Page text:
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Everybody and their uncle is making an RGB-enabled keyboard these days, but that’s small consolation if you don’t want to spend a fortune. Most are on the high end of keyboard prices, to say the least—like, $150 or more. Quite a premium to pay just so you can feel like you live in Tron.
But not Tesoro! Sure, the company is using straight-up Kailh keys and the design is a bit less sleek than other keyboards, but that doesn’t change the fact the Tesoro Lobera Spectrum lists for $140 but can be found on Amazon for under $100.
So let’s take a look.
Note: This review is part of our best gaming keyboardsroundup. Go there for details about competing products and how we tested them.
It’s a brick…house
Okay, so the design could use some refinement. With modern design trends skewing towards “It looks like a normal keyboard,” the Lobera really stands out. We’re talking faux brushed metal, faux diamond plate, and even fake rivets.
It’s also a pretty chunky keyboard. Not in terms of weight—it’s actually pretty light, because most of the casing is plastic. But the bezel is massive, with angular protuberances jutting off in all directions. This thing takes up more room on my desk than the already-oversized Razer BlackWidow Chroma.
And then there’s the typeface emblazoned on each key. It sits somewhere between “Generic Industrial” and “Consolas.” Thick, chunky, somewhat illegible.
Point being: It’s not a looker. I wouldn’t focus on it so much, except for the fact you’re buying an RGB keyboard. Looks are literally the whole selling point.
There are some nice touches. The cable is sheathed fabric which is a welcome luxury, and two translucent strips on the sides provide a bit of underlighting, like a tricked-out street racer. It’s silly but looks pretty good from afar.
Overall though, this keyboard’s aesthetic feels outdated and overlarge. It’s one of the last holdouts in a world that’s mostly moved away from the tenets of 2005-2010 “Gamer-centric” design and towards sleeker, more professional setups.
Price to performance
I did mention you can find it for under $100 though, right? And from a pure performance perspective, the Lobera is pretty damned competitive. A hydra of connections give you USB, headphone, and microphone pass-through which is a relative rarity.
There’s also a button dedicated to Game mode and one for Macro recording, with five profiles available for on-the-fly swapping (mapped to F1 – F5). There are no dedicated macro keys but all buttons are fully programmable and the keyboard carries onboard memory for settings storage.
And in terms of raw backlighting, the Lobera is on par with Razer’s more expensive models—no surprise, given the fact they use the same technique for embedding LEDs. Lighting is bright, the gradients between colors are smooth, and (another nice touch) there are a number of default modes you can cycle through on the keyboard itself sans software-tweaking.
Cons to the Kailh/Razer style of backlighting: It’s uneven. LEDs are embedded at the top of each key, so letters and main functions look good. Any secondary key functions look faded and dim, though.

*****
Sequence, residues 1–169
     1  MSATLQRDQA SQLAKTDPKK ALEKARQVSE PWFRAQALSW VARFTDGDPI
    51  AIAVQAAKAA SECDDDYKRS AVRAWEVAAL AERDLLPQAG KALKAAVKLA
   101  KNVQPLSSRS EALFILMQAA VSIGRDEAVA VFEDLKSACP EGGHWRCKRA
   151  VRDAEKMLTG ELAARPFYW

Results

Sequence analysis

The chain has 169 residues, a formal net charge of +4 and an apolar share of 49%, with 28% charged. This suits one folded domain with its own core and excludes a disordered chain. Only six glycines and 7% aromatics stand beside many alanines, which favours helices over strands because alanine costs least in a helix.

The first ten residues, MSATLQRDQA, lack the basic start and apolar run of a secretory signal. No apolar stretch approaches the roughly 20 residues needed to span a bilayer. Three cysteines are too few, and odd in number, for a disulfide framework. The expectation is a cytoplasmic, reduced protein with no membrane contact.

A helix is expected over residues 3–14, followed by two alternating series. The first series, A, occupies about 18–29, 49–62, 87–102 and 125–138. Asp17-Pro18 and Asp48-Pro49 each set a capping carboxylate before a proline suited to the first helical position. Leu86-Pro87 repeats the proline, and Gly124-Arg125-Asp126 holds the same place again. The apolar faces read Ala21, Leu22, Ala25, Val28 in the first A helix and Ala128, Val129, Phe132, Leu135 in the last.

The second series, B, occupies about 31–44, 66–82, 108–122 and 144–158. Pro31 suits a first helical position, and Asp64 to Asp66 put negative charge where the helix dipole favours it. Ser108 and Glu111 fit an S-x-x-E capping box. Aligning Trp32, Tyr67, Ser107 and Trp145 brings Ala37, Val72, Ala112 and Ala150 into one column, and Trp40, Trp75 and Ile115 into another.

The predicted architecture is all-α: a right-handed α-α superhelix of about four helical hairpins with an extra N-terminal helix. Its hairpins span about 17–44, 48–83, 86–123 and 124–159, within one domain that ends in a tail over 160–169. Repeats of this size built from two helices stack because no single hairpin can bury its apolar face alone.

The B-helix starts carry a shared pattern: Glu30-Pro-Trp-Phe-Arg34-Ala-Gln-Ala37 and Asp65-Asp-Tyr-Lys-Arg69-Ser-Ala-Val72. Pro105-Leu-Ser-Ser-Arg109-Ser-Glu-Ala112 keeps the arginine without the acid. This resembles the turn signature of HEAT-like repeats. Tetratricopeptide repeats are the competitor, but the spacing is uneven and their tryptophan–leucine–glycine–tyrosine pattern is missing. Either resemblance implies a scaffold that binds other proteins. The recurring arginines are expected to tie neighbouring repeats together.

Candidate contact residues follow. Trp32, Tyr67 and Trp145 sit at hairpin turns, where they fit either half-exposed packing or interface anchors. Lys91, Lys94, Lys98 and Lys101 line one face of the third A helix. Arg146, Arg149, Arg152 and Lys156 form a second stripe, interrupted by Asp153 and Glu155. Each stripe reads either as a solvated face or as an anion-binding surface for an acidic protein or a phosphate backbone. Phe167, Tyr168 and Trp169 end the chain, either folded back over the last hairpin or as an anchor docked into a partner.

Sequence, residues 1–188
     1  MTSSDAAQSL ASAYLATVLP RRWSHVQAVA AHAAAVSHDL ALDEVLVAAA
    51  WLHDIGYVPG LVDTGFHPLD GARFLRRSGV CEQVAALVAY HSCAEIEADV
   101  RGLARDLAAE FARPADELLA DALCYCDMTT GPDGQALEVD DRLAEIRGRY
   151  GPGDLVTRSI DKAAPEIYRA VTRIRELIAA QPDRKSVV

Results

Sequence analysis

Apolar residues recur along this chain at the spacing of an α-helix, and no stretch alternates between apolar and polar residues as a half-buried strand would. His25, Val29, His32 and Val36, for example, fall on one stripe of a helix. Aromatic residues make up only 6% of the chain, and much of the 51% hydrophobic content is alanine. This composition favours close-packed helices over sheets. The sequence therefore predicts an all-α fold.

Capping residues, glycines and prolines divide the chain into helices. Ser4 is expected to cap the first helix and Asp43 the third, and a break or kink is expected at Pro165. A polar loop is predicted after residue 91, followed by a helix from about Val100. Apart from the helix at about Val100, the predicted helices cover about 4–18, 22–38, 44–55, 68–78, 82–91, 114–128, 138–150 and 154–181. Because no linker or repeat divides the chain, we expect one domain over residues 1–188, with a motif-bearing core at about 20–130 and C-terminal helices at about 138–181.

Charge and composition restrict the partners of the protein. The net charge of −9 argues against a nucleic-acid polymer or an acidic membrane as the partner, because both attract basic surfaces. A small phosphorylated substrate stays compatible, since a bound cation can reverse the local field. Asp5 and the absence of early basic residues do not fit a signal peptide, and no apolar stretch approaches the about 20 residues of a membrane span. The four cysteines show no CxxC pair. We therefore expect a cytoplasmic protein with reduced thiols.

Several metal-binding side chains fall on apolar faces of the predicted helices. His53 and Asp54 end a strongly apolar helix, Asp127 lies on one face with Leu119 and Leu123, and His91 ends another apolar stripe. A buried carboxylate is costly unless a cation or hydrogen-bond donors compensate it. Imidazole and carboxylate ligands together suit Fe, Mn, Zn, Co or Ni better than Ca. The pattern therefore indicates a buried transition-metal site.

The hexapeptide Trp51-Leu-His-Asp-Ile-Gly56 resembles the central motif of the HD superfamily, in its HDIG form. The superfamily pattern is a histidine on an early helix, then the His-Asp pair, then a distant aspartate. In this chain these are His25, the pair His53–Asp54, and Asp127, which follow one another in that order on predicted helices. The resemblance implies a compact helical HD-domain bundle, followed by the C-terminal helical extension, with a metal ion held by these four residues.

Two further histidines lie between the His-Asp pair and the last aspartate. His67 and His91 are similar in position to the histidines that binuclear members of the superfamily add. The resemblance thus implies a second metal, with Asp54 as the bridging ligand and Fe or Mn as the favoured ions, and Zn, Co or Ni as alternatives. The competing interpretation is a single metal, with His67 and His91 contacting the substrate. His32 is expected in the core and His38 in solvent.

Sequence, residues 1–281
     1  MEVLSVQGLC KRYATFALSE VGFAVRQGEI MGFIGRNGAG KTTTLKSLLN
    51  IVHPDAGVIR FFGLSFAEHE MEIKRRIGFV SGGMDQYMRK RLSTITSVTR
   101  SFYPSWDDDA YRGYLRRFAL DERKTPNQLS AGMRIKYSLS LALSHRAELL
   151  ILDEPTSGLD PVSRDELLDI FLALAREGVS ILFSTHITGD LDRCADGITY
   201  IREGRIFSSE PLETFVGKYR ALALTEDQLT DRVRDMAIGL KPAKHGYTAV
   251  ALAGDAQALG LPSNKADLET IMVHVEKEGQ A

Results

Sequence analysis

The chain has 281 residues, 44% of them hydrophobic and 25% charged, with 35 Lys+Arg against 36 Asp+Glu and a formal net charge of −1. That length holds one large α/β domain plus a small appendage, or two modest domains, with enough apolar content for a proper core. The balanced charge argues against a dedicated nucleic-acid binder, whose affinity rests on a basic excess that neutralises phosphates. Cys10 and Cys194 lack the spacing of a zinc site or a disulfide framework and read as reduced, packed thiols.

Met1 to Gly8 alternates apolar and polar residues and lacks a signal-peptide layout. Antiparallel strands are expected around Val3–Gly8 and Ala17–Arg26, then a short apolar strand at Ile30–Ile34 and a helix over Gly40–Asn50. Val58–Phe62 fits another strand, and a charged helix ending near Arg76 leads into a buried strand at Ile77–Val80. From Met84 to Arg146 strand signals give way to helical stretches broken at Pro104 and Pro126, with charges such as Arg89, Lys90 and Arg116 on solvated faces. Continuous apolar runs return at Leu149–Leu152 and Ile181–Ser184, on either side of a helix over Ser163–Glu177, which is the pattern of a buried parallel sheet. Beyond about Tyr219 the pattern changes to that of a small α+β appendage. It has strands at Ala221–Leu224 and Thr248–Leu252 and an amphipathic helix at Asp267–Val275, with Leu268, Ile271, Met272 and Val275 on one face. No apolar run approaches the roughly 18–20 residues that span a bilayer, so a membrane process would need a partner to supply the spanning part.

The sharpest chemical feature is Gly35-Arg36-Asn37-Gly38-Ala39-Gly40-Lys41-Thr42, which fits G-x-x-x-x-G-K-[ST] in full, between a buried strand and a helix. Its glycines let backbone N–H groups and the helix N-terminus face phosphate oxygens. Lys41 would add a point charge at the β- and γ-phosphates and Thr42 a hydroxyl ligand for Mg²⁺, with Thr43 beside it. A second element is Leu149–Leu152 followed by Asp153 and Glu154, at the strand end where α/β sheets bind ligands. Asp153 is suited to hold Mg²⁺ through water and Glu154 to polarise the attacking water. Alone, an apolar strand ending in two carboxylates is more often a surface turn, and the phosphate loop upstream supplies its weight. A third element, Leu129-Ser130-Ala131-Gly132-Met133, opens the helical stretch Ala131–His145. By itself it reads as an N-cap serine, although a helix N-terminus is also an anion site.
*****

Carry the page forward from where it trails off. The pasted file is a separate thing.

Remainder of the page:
Razer “solved” this defect by making it so secondary functions simply aren’t illuminated. Seeing the Lobero, I understand why. The Function row here suffers from two-toned lighting, the upper edge bright and the lower edge (with Play/Pause, volume controls, etc.) looking wispy even in dark rooms.
But that’s a minor quibble—to be honest, it’s not even as obnoxious as the faux-metal palm rest.
If you want more control, you’ll need to download Tesoro’s software. Problem being: It’s not great, and it doesn’t actually get you much more control—not without a bunch of hassle, at least. It took me over an hour to figure out how to change per-key lighting. So you know: You’ll need to head into Lighting Effects, then Spectrum Color, then click on each key and set a color one at a time. I don’t think there’s a way to set an entire zone or a group of keys at once, and if there is a way, well, I couldn’t decipher this 2001-MP3-player-looking program enough to figure it out:
There’s also a mysterious “Audio” mode that I couldn’t get to work no matter what I tried. It’s apparently supposed to react to whatever audio is being played, like a hardware visualizer, but the Lobera stayed resolutely dark whether playing music through Spotify or films through Netflix.
A note on switches
One last thing before we go: These are Kailh switches. Some people straight-up enjoy Kailh switches over Cherry MX. Some (a lot of people) can’t tell the difference.
It’s something to be aware of, though. These are effectively knock-off Cherry switches—they even feature the same Blue/Brown/Black/Red naming conventions, and Tesoro’s use of “Gaming-Grade Mechanical Switches” on the packaging helps confuse things.
Kailh is generally not as reliable as Cherry. This is based on both my own experiences and on the larger Internet sphere. You’re more likely to get a subpar board, manufacturing tolerances aren’t as tight, and durability isn’t (in general) as high.
Again, will most people notice? Doubtful. If this is your first mechanical keyboard it’s still going to seem like a huge upgrade over your rubber dome keyboard or scissor switches or whatever you’re using. And I like Kailh’s faux-Cherrys more than Logitech’s proprietary Romer-G switch.
But keep in mind what you’re buying. The price is low in part because it’s not banking on the Cherry name.
If you want a semi-customizable keyboard on a budget, the Tesoro Lobera is a decent investment. It may not match the looks or premium feel of RGB keyboards from Razer or Corsair or Logitech, but you can also find the Lobera on Amazon for half the price of those competitors. That’s a pretty damned good deal, provided you can live with the hassle of setting up per-key backlighting and this board’s tacky faux-metal finish.